Sargsyan does not use the language of compromise in public and almost no moderate voices in Armenia speak up for peace or negotiations. Opposition politicians, keen to attack the authorities where they are weakest, denounce them for allegedly “selling out” Karabakh. Even Nikol Pashinyan, a moderate opposition leader who tried to play a conciliatory role in the hostage crisis and called for non-violence, plays the nationalist card [Why say the derogatory phrase ‘plays the nationalist card’?] when it comes to Karabakh. In the July crisis, Pashinyan condemned both Sargsyan and his former patron, Levon Ter-Petrosian, for being willing to make territorial concessions to Azerbaijan.

The July crisis has hurt Armenia. It has given the impression to many that democratic politics is exhausted and that the use of force is permissible. It has underlined that the country has a deeply unpopular government [No need for underlining: it has been unpopular since day one], but no respected systemic opposition, It has thrown a new spanner in what was already a dysfunctional peace process with Azerbaijan at a time when new conflict is a real [as opposed to unreal?] possibility.

It is unlikely that Armenia can find a way out of this impasse on its own. [How does he know?] Its major [only] ally, Russia, offers only coercive pressure. Armenia needs help from international friends and the more pragmatic parts of the diaspora to help it navigate a way forward at a time of domestic discord and great international uncertainty [Vague. Uncertainly about the Armenia/Azerbaijan conflict or the international situation? If the latter, the international situation is almost always uncertain].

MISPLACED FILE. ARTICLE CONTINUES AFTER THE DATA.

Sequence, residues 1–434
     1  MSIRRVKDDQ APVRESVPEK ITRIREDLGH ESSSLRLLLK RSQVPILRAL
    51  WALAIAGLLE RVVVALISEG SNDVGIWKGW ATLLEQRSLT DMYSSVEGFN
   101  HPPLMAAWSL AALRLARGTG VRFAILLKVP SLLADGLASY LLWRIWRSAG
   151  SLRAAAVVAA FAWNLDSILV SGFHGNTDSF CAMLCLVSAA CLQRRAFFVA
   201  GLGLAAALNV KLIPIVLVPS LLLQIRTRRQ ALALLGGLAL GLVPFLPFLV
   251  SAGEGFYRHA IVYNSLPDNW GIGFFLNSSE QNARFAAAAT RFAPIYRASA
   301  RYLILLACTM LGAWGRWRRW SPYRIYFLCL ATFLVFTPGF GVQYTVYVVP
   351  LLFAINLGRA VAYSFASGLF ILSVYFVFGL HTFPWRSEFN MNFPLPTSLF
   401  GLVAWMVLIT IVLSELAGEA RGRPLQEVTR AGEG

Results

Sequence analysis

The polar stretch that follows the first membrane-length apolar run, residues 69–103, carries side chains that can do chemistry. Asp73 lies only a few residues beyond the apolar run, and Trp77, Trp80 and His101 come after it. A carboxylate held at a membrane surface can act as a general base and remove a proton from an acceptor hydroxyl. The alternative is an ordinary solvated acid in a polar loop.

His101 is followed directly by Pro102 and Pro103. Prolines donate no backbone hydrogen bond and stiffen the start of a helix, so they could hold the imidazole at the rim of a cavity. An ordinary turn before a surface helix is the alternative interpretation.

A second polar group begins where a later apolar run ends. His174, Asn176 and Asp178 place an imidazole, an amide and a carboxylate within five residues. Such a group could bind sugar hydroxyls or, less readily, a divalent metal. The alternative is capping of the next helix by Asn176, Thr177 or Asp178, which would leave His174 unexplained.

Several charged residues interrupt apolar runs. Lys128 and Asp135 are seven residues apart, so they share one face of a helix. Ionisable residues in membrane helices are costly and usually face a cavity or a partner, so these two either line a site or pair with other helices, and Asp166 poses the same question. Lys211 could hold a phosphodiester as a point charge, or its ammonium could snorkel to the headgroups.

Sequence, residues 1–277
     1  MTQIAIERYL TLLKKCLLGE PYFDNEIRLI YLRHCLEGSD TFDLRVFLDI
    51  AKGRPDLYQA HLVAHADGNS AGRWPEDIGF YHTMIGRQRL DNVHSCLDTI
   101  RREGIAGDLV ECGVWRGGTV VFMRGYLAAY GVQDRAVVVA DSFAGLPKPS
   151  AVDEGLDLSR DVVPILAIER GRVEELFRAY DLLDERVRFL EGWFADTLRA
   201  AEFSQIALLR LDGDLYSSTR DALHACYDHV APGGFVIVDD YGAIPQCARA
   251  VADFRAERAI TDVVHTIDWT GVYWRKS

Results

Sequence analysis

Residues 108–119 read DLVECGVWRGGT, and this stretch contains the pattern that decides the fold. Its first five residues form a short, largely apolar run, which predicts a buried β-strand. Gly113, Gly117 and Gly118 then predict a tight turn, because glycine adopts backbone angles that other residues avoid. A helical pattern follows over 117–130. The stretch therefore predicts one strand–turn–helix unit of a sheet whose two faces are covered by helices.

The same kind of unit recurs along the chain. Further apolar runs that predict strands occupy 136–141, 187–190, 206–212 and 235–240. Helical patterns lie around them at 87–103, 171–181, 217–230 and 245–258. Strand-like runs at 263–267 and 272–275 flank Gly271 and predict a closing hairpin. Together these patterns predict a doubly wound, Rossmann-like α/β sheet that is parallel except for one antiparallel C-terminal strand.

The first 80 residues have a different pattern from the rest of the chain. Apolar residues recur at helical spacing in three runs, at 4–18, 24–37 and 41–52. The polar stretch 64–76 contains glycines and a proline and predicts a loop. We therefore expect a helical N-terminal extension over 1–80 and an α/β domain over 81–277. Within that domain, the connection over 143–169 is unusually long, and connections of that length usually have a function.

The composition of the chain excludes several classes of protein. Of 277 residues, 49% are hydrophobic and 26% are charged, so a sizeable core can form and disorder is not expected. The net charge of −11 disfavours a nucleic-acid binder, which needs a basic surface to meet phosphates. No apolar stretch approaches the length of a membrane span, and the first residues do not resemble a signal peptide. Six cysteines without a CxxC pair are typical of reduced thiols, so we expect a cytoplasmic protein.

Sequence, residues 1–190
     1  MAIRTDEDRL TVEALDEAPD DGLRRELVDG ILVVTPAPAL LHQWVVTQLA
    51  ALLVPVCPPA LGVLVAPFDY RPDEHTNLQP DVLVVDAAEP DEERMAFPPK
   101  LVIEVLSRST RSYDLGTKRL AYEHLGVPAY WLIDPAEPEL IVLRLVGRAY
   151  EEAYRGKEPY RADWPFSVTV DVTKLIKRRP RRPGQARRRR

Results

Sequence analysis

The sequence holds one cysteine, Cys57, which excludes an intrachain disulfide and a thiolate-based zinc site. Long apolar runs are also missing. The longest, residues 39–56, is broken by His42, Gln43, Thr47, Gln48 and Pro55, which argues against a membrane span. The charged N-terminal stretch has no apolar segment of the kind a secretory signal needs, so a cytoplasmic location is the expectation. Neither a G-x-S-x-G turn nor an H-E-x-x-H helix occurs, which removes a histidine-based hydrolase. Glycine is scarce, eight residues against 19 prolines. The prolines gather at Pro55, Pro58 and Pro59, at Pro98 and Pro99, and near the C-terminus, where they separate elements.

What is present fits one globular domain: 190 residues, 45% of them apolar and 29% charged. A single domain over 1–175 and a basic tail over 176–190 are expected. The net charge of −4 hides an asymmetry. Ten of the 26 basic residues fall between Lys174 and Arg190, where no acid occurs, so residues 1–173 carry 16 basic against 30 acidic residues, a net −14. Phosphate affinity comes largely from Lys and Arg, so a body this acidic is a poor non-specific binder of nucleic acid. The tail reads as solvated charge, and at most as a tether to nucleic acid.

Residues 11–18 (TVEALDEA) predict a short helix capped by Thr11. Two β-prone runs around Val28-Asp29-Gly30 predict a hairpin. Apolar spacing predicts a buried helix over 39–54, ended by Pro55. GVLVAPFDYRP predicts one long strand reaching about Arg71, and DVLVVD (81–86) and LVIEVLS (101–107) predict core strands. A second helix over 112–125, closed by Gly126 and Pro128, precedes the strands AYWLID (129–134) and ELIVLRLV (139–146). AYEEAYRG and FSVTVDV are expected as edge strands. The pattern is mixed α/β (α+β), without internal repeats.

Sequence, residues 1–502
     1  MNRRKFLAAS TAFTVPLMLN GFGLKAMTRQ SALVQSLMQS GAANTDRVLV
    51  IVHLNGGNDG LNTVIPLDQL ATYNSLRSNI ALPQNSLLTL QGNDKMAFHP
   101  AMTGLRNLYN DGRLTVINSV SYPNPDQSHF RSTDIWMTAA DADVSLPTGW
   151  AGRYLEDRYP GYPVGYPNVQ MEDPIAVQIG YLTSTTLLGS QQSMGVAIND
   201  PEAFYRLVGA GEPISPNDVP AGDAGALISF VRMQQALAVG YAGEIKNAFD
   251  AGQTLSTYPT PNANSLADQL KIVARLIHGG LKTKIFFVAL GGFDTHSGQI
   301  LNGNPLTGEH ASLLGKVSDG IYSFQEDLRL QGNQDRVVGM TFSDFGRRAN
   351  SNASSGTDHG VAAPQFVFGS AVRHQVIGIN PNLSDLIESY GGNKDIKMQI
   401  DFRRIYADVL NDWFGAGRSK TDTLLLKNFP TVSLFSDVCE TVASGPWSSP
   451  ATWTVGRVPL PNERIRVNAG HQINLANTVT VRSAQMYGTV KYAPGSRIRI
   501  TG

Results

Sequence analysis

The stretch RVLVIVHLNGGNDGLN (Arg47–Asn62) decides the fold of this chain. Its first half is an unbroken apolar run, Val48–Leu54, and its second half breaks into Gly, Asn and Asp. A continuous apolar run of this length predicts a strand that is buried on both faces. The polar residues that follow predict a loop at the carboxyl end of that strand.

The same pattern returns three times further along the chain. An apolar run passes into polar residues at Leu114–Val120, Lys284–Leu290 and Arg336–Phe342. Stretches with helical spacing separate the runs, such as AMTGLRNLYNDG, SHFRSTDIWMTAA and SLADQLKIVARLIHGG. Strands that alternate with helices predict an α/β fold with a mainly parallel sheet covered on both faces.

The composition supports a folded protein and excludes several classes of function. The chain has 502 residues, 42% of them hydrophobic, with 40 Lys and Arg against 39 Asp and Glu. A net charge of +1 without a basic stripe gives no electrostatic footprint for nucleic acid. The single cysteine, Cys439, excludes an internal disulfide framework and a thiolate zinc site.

1 comment
  1. Congratulations to Keghart

    Congratulations to Keghart for taking on this stinker (that's the only word for him) de Waal who has been distorting and lying about Armenia and Artsakh for two decades.

    Recall the USC Institute of Armenian Studies (headed by the very weak Salpi Ghazarian) gave him a  platform months ago to spread his lies without an Armenian hardliner to take him on.

    De Waal was also a favorite of the deranged, pro-Azeri, American Israeli, Dr. Brenda Shaffer, who once headed the Caspian Studies Program at Harvard, funded by oil companies.

    Where are the Armenian academicians and analysts who will stand up to these eshes?